• Slow down in areas known to have a large deer population; where deer-crossing signs are posted; places where deer commonly cross roads; areas where roads divide agricultural fields from forestland; and whenever in forested areas between dusk and dawn.
  • Deer do unpredictable things. Sometimes they stop in the middle of the road when crossing. Sometimes they cross and quickly re-cross back from where they came. Sometimes they move toward an approaching vehicle. Assume nothing. Slow down; blow your horn to urge the deer to leave the road. Stop if the deer stays on the road; don’t try to go around it.
  • Deer frequently travel in family groups and single file. Just because one has crossed, doesn’t mean the threat is over. Its crossing could be a signal that others may follow, which they sometimes do blindly. 

Important Facts for Drivers

  • Drivers who hit a deer are not required to report the accident to the game commission.
  • If the deer dies, only Pennsylvania residents may claim the carcass. To do so, they must call the game commission for a permit number within 24 hours of taking possession of the deer.
  • The permit number issued by the agency lets meat processors and law enforcement officials know that possession of the meat is legal, and not the result of poaching.
  • Antlers from bucks killed in vehicle collisions must be turned over to the game commission.
  • If a deer is struck by a vehicle, but not killed, drivers are urged to stay their distance because some deer may recover and move on. However, if a deer does not move on, or poses a public safety risk, drivers are encouraged to report the incident to a game commission regional office or other local law enforcement agency. If the deer must be put down, the game commission will direct the proper person to do so. 

 

 


The Best Apps for Drivers

    J.D. Power and Associates' 2015 Driver Interactive Vehicle Experience (DrIVE) Report found that at least 20 percent of new car owners have never used half of their car's tech features. Generation Y owners were found to be even less interested at all when it comes to in-car entertainment and connectivity. (Bankrate)

    Kristin Kolodge, executive director of driver interaction and HMI research at J.D. Power and Associates, says that, "In many cases, owners simply prefer to use their smartphone or tablet because it meets their needs; they're familiar with the device and it's accurate."

    Since drivers tend to use their phones or tablets in lieu of in-car tech, here's a list of the best auto-related apps for drivers' devices.

WazeWaze (iOS and Android)
    The go-to app for those on the road boasts one of the biggest reporting communities - including traffic jams and gas prices. Users can post information about accident locations, police speed traps, weather conditions or road hazards. "The beauty of Waze is how simple it is. Users just need to have the app open on their phone while they commute." (Autoguide)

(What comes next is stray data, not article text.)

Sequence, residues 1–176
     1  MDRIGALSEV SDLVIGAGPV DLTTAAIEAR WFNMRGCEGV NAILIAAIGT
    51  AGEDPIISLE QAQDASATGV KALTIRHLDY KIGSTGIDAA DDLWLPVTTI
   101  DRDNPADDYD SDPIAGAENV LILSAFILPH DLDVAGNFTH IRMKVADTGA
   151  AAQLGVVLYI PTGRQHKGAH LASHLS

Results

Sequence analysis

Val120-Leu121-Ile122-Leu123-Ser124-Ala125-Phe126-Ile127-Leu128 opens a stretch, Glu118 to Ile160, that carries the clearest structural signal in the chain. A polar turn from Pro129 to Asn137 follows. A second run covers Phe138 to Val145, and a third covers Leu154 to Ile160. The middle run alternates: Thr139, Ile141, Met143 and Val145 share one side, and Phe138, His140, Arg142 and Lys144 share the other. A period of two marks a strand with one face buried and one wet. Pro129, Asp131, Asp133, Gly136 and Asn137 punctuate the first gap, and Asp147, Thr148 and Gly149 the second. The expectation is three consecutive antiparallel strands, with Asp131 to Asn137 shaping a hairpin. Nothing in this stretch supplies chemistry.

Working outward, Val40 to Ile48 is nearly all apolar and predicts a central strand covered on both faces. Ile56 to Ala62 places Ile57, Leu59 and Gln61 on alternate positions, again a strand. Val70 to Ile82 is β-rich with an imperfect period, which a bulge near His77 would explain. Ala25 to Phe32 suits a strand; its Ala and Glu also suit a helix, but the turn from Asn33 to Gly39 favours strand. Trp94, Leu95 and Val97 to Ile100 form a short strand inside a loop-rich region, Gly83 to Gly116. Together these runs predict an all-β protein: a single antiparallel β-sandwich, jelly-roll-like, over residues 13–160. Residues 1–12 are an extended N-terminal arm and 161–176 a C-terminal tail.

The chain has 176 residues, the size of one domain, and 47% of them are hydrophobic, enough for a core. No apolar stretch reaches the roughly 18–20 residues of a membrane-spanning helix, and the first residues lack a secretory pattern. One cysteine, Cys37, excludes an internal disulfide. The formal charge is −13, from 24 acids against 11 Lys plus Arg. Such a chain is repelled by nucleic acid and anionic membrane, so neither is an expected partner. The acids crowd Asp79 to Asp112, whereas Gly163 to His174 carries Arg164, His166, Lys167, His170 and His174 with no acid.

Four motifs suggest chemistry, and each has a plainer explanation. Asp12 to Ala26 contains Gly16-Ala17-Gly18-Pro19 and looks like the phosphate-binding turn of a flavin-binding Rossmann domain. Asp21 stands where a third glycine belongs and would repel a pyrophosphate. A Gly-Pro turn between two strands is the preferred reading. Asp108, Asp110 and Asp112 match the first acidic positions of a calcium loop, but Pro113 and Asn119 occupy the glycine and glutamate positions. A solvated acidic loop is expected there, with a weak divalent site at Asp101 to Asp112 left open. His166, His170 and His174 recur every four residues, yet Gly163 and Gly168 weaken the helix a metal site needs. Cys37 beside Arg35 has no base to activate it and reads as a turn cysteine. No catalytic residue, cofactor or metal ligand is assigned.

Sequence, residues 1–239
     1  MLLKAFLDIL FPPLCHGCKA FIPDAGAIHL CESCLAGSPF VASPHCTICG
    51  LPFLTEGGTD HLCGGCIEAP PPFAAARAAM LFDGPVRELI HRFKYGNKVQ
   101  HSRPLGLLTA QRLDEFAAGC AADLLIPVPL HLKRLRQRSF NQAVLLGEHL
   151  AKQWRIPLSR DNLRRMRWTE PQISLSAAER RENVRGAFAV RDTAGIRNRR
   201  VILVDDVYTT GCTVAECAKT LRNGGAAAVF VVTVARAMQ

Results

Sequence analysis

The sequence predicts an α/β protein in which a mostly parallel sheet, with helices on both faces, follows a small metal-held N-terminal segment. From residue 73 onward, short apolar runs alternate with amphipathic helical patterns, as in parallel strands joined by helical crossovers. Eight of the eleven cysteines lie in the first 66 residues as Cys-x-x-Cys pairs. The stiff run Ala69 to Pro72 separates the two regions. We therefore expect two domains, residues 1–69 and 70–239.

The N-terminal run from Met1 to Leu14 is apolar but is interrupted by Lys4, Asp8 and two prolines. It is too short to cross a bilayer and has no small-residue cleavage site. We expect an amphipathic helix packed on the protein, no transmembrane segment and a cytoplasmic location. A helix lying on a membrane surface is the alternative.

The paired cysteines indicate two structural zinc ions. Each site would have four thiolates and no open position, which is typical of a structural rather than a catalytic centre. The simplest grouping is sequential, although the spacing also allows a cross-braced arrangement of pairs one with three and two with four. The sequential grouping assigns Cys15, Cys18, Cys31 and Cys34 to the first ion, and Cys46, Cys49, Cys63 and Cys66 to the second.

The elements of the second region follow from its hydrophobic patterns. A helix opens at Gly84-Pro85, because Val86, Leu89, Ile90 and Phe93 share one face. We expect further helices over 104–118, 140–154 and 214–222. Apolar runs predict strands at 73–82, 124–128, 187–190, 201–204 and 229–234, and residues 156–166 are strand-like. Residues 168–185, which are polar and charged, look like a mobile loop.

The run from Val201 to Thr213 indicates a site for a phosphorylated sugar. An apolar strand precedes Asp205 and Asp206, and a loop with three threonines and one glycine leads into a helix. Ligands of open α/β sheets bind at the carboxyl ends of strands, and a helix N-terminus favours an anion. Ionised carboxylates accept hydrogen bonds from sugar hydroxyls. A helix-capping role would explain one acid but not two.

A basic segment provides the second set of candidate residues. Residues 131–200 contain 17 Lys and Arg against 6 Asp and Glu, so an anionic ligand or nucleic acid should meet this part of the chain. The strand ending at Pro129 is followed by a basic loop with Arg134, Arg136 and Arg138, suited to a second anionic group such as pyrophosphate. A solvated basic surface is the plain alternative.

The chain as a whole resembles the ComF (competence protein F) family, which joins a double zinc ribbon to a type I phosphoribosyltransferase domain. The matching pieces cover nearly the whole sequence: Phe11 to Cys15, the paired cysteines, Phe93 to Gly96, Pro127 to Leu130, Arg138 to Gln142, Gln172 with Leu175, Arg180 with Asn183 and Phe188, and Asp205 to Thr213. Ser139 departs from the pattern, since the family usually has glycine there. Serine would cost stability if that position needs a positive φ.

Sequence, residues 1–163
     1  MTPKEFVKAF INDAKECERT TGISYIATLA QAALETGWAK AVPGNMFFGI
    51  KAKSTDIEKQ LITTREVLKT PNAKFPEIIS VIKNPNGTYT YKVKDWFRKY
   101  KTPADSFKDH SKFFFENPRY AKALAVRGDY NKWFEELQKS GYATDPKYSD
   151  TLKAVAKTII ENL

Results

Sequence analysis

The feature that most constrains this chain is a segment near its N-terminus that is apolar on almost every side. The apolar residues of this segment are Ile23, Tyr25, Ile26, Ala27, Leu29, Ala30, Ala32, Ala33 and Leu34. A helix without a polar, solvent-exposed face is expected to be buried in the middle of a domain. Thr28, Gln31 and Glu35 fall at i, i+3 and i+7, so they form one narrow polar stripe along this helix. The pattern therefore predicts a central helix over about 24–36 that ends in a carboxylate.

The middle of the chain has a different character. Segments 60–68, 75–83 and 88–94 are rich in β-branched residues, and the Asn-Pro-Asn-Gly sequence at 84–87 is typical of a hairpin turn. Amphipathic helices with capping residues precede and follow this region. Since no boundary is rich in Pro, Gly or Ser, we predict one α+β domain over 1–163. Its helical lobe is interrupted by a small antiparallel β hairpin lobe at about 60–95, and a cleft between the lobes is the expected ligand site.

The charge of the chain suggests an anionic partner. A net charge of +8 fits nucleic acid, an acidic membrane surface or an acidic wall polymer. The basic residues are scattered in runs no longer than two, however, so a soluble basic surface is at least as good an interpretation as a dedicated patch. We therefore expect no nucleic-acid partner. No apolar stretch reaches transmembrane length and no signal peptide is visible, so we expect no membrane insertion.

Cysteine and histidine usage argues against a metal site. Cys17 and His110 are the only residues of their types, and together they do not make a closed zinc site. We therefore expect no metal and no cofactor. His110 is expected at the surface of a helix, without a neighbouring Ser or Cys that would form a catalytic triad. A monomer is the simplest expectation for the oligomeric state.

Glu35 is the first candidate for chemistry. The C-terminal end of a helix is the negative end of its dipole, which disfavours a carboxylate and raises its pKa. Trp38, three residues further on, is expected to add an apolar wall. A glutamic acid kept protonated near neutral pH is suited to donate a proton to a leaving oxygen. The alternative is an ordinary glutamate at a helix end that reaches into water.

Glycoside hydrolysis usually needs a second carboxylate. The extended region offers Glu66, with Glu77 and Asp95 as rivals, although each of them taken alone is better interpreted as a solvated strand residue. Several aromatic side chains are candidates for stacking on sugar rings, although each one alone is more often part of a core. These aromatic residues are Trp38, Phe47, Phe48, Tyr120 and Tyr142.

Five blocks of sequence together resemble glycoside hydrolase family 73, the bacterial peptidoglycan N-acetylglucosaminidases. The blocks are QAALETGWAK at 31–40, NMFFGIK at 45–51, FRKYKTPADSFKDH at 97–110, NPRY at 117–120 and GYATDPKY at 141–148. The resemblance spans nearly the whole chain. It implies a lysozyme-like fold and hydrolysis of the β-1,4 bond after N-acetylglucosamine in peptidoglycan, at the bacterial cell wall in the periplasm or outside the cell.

DailyRoadsDailyRoads Voyager (Android)
    DailyRoads is essentially a dash cam that continuously captures videos and photos during your journeys. The app records everything, but drivers can choose what they keep by touching the screen. "The video evidence can be invaluable in case of accidents, insurance fraud, police abuse, protection from crash-for-cash scams and differences of opinion with other drivers." (DailyRoads)

 

CarMinderCarMinder (iOS)
    CarMinder offers a ton of options to track maintenance, log trips, record repairs and note mileage all in one easy-to-use app. (Tom's Guide)

 

CanaryCanary (iOS and Android)
    Parents can save some nerve-wracking moments while their teens have the car. Canary notifies parents if their iOS or Android device is in use while the car is in motion. An alert is also sent when the vehicle is traveling above the speed limit. "You can create geo-fenced safe areas, blacklist others as off-limits and define a curfew time." (Tom's Guide)

 

HonkHonk (iOS and Android)
    The Honk app saves drivers time erasing the time spent in pay station lines or looking for change. "Just select the length of time you want to park and tap Pay Now. Your credit card is automatically billed and a receipt is sent to you via email. We alert you when your time is running out and allow you to simply tap Pay Now to top-up from wherever you are." (Honk Mobile)

    Plus, parking enforcement officers have access to the app's real-time list of license plate numbers, so you won't need a ticket stub or receipt. (Honk Mobile)

 

 

What are some of your go-to in-car apps?


Coffee Poses Risk Behind Wheel

    Many drivers consume their morning cup of joe on the road and never think twice about the safety risk a simple cup of coffee poses. However, that caffeinated brew may be a big distraction.

coffeemug

    A study by the National Highway Traffic Safety Administration (NHTSA) shows a staggering 80 percent of car accidents are caused by some form of distracted driving. (NY Daily News)

    The study ranked coffee as the worst thing to eat or drink behind the wheel.

    A separate study conducted by ExxonMobil found that 83 percent of drivers admit to drinking beverages behind the wheel. Meaning that, instead of focusing on the road, drivers fixate on their drink. The task at hand (driving) is secondary.

    But distraction isn't the only cause for concern. Burns from spilling scalding hot liquid were a noted concern in the NHTSA study. "Even with a travel lid, hot coffee can find its way out of the opening when you hit a bump."

spill

    According to the Burn Institute, a third degree burn can occur within just one second of contact with a liquid heated to 155 degrees Fahrenheit.

    Coffee brewing machines should maintain a water temperature between 195 to 205 degrees Fahrenheit for optimal flavor, easily above the threshold for a third degree burn. (National Coffee Association)

    The domino effect drivers face from distraction to injury to accident may have some people think twice before sipping their java on the go.